“I feel now like my music comes froma lot of different influences. Obviously folk and singer/songwriter, but also rock, pop, and jazz. I know it is not new or anything, but it wasn’t until recently that I heard people talking more about Americana, and I think it’s cool that it is really all-encompassing — like through a lot of different lenses.” 

The new album itself shows that progression. Tracks like Springtime, and Chaos are all much newer than tracks like New Light, and The Roses. In a way this album is an homage to her career to this point; where she has come from, where she is now, and where she’s headed. “It is just where I am now compared to earlier (in my career). Like I said, I have thought of myself (as a professional musician) for a long time, just because of what I do and the time and effort that I put in, but I feel like (because of this album) people will see that I really do want to do ‘this whole music thing’. It has been four summers that I’ve been touring in Alaskan and performing, but I feel like each new album is an introduction to who I am at that moment. She then added, “This album is also in a way a thank you to everyone who has supported me thus far -- everyone who has bought an album, donated to my crowdfunding campaign, and even given non-monetary ‘donations’ of their time or their wisdom, or shared a stage with me. There is a lot of inspiration to be had in Alaska, and I am and will forever be grateful for everyone who has raised me up.”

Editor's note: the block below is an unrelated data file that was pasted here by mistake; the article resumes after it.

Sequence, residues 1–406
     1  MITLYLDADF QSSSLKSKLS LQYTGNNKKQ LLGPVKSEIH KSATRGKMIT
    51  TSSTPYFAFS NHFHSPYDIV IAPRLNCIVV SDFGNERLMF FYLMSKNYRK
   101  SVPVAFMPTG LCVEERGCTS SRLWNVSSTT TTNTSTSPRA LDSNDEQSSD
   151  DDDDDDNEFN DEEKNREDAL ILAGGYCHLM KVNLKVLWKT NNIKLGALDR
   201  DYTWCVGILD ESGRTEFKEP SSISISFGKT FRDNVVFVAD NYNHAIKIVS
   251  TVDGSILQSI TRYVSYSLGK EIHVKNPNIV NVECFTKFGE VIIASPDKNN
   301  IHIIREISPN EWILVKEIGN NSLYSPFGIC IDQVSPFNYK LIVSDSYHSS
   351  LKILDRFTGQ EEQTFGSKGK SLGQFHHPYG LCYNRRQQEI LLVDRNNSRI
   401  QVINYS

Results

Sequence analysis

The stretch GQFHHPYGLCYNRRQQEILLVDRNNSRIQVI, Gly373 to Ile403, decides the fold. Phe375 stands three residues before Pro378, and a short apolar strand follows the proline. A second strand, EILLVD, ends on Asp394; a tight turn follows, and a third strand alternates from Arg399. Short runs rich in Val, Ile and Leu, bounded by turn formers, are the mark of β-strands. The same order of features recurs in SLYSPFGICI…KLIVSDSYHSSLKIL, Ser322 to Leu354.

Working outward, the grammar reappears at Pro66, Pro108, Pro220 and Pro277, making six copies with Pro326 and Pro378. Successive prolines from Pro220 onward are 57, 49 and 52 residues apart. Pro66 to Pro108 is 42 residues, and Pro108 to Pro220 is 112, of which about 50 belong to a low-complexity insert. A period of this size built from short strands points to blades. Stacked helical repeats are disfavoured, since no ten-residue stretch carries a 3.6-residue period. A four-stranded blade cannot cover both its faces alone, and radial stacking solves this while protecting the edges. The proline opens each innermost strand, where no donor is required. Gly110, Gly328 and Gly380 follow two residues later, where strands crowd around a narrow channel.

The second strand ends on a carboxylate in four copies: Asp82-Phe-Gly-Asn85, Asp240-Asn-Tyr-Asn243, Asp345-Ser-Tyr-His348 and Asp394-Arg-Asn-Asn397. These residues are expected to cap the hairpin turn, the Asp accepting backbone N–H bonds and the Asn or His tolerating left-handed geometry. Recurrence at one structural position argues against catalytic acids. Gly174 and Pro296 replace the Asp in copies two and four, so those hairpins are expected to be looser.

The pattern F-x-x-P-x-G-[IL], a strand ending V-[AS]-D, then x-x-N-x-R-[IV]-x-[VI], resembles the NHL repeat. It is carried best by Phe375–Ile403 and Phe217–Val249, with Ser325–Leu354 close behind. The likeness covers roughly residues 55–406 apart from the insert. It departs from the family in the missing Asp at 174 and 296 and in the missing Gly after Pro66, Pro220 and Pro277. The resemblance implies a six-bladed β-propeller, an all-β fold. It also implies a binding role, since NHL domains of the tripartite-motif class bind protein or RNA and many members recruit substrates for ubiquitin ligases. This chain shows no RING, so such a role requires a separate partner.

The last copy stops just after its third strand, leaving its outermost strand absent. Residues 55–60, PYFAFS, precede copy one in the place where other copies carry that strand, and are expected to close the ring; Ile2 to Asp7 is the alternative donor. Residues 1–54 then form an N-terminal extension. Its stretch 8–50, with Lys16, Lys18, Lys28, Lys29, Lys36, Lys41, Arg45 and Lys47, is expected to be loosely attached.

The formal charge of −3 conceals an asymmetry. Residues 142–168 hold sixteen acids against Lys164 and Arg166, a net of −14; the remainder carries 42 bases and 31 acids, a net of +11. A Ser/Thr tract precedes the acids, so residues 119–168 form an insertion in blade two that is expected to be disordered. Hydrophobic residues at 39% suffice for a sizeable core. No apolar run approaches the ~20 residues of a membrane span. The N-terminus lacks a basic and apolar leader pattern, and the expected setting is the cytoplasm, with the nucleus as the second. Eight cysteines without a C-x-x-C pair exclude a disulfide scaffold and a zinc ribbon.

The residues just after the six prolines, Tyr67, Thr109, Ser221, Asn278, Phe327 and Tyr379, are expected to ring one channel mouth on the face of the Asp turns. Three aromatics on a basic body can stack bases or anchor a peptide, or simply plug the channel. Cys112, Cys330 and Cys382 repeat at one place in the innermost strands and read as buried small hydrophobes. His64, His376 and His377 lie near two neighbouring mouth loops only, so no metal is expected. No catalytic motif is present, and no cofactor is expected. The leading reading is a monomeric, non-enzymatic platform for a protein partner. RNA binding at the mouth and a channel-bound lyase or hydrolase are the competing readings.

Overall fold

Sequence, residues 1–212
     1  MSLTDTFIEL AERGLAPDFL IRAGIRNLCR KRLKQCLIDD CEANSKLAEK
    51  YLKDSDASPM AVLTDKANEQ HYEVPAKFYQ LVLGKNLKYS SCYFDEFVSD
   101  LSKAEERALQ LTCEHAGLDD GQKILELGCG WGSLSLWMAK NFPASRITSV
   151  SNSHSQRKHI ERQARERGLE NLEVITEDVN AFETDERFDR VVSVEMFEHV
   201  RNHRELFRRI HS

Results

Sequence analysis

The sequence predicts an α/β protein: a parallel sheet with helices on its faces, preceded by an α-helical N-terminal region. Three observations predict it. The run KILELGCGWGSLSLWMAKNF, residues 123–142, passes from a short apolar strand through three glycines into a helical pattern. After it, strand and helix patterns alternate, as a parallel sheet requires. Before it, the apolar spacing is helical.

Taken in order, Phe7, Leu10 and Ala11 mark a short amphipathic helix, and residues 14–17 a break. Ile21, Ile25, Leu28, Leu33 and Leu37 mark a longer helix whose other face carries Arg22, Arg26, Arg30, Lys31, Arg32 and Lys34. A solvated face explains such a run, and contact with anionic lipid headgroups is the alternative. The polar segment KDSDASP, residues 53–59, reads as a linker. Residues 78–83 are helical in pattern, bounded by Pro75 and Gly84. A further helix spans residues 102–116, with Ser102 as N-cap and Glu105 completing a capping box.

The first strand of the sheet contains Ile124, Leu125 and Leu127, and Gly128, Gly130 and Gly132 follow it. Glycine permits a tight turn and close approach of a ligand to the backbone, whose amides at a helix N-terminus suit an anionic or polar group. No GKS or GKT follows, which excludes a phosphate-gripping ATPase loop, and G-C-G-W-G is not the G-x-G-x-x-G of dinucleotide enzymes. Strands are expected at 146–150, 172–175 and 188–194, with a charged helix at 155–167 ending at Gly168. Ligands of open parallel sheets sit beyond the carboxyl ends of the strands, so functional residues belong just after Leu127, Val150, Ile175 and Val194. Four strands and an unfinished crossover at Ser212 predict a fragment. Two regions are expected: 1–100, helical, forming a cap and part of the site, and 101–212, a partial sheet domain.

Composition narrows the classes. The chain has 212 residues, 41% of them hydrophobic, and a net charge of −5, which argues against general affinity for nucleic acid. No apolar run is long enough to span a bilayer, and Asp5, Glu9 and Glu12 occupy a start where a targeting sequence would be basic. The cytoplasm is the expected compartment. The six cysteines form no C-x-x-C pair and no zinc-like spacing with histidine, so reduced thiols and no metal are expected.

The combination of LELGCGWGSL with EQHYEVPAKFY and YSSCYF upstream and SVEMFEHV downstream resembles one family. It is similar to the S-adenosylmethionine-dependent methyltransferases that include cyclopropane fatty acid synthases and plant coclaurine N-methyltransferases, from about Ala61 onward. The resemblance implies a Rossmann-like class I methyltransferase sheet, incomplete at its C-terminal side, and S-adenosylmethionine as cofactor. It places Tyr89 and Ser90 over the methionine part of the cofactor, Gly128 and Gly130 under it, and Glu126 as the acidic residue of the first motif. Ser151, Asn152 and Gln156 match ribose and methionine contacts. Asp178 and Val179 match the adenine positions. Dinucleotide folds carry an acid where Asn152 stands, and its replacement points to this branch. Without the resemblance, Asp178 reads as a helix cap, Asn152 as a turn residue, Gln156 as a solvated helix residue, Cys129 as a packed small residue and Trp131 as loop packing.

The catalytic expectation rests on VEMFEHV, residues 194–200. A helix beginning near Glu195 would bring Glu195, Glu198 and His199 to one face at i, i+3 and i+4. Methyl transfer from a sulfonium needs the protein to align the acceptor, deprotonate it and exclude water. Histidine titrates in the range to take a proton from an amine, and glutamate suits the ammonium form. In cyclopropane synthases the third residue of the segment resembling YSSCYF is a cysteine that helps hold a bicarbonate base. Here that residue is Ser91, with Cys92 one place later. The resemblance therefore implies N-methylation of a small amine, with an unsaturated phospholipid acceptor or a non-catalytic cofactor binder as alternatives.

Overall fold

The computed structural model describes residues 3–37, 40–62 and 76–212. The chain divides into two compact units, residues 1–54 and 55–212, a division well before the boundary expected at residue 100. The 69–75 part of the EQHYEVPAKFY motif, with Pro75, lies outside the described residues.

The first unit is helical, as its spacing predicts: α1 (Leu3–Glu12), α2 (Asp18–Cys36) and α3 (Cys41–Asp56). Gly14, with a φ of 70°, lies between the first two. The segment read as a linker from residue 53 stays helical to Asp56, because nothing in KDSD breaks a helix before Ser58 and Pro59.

The Roses will be available everywhere on July 23rd. T

hat night, Whistling Swan Productions is hosting an album-release concert for Ava, and her Alaskan band of Andy Mullen (guitar), Marty Severin (bass), Charlotte and Clotilde Severin (backing harmonies), and Dawn Lindsay (violin), at the Alaska Center for the Performing Arts in downtown Anchorage. For tickets or more information, go to centertix.com. Keep tabs on all that Ava is up to @avaearlmusic on Facebook, Instagram, and Twitter, or her website www.avaearl.com. Also, be sure to listen to her latest singles on Spotify, or her previous two albums available on both Spotify and BandCamp.